Momentum is growing for digital twin technology in the aerospace and defence industries. A new report from Capgemini suggests that almost three-quarters of industry players have a long-term roadmap for implementing digital twins.

Digital twins are virtual replicas of physical systems, helping to model, simulate, monitor, analyse, and constantly optimise the physical world. As customer preferences and regulations evolve, amid increasing concerns about climate change, digital twins can help firms build predictive models that can fast-track the development of products which meet these demands, boosting sales in the process.

A new Capgemini report has examined how digital twins are increasingly adding intelligence to real world business decisions in the aerospace and defence sectors. The technology offers up an invaluable insight into incoming challenges, helping operators to clearly identify areas that need extra attention, and work to fix them before they come to fruition in the real world.

Business leaders are always looking for ways to streamline operations, improve efficiencies and ultimately deliver growth and profit. The organisations in the aerospace and defence industry are no exception.

A 73% majority of aerospace and defence organisations told Capgemini they now have a long-term roadmap, of five years or more, for digital twin implementation. Meanwhile, 61% now consider digital twins a key strategic part of the overall digital transformation of their organisation – 10% higher than in two years ago.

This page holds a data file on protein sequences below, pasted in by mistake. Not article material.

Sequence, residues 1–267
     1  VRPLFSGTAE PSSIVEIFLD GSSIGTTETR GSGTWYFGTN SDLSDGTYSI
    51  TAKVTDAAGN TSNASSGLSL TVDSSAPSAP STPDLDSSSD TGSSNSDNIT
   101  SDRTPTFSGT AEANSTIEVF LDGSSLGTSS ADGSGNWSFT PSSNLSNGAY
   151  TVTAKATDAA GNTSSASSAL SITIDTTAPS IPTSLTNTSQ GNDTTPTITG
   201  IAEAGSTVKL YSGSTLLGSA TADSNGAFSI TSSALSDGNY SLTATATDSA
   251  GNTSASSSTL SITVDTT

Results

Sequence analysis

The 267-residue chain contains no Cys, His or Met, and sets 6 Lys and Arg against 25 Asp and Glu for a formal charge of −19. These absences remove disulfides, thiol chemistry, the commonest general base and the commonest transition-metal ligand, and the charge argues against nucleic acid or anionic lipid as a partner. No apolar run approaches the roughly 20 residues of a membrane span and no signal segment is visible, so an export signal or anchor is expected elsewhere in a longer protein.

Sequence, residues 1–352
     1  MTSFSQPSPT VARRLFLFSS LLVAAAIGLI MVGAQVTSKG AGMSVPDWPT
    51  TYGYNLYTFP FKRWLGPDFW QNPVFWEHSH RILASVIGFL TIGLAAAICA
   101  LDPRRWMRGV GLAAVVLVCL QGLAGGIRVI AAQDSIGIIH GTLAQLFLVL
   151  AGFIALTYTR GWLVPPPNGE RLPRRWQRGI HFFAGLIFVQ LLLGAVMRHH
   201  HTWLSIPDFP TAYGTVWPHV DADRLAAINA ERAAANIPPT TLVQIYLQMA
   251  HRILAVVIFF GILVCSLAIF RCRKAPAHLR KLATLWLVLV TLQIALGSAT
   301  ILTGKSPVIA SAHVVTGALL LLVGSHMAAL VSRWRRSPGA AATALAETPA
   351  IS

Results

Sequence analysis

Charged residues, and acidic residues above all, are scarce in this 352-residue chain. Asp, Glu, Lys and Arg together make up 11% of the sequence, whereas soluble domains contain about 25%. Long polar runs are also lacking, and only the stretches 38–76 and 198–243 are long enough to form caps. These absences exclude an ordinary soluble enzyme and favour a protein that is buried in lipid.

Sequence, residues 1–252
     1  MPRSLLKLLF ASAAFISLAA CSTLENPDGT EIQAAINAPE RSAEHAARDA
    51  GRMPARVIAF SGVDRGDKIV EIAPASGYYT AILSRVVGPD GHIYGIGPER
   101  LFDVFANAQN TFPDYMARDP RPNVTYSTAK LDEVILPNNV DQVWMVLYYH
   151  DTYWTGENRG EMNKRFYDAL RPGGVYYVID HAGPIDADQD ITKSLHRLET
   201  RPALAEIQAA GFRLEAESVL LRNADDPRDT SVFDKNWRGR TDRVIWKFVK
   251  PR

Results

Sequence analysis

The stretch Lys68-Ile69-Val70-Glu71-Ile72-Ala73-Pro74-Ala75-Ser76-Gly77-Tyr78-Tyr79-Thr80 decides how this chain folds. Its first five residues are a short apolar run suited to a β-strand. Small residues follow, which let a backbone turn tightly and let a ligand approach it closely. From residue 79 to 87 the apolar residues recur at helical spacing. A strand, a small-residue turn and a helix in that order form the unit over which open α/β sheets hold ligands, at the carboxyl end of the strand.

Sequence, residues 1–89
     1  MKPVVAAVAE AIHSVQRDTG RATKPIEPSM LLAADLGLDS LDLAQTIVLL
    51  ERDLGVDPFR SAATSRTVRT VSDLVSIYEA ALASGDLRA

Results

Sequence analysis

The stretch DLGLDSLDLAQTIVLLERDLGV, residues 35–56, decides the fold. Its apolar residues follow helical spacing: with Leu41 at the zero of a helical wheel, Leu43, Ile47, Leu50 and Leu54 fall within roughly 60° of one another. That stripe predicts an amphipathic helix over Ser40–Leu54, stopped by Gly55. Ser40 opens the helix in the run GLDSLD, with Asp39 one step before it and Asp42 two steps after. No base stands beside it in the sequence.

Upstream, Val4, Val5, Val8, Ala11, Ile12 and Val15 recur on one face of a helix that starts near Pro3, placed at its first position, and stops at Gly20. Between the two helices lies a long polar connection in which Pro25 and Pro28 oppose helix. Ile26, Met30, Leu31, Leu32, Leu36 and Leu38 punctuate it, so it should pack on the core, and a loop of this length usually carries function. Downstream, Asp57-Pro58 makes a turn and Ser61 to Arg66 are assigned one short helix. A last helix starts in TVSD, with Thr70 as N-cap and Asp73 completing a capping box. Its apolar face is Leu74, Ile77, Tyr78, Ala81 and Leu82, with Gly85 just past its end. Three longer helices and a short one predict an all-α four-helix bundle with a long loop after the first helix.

The value of aerospace and defence investments in digital twins is growing as well as the volume. The amount being sunk into such projects by companies has grown by 40% from the last financial year, according to the researchers. This is likely driven by a growing confidence in the technology’s ability to drive both top- and bottom-line benefits.

When asked which benefits were motivating their investment in digital twinning, the largest majority of 71% identified cost cutting as their key point. But they also cited proactive gains, with 70% anticipating digital twins could help them reduce the time to market of new products, and 63% expecting this could help boost sales – crucial during a time of economic uncertainty. And 68% added that digital twins could help provide an advanced training environment for employees – enabling them to upskill existing staff rapidly amid a tightened talent market.

Decarbonising defence

At the same time, sustainability has risen up every agenda in 2023 – even in industries producing arms and military weaponry. But while major efforts are well underway in the aerospace and defence industry – sustainability remains a sticking point. In 2021, for example, the aviation industry alone still accounted for over 2% of global energy-related CO2 emissions.

Aerospace and defence organisations recognise this is not good enough, however – and this is another major driving factor in aerospace and defence investment in digital twins. A 67% majority of firms also told researchers that improving sustainability was a key driver in their digital twin investments; up from 60% in 2022.

Commenting on the findings, Capgemini leaders Lee Annecchino and Jacques Bacry explained, “Design plays a crucial part in the process of bringing new products to market. The sooner you can design an engine that uses 50% less fuel or runs on green hydrogen sources, the quicker you can bring a more sustainable model to fruition. Getting the design of an aircraft right from the get-go can have significant knock-on effects, and nearly half (47%) of organisations surveyed agree that implementing digital twins in the design phase will help yield benefits in the short term.”

Capgemini was recently listed as one of the UK’s top consulting firms in’s 2023 rankings.

This article was originally published here.

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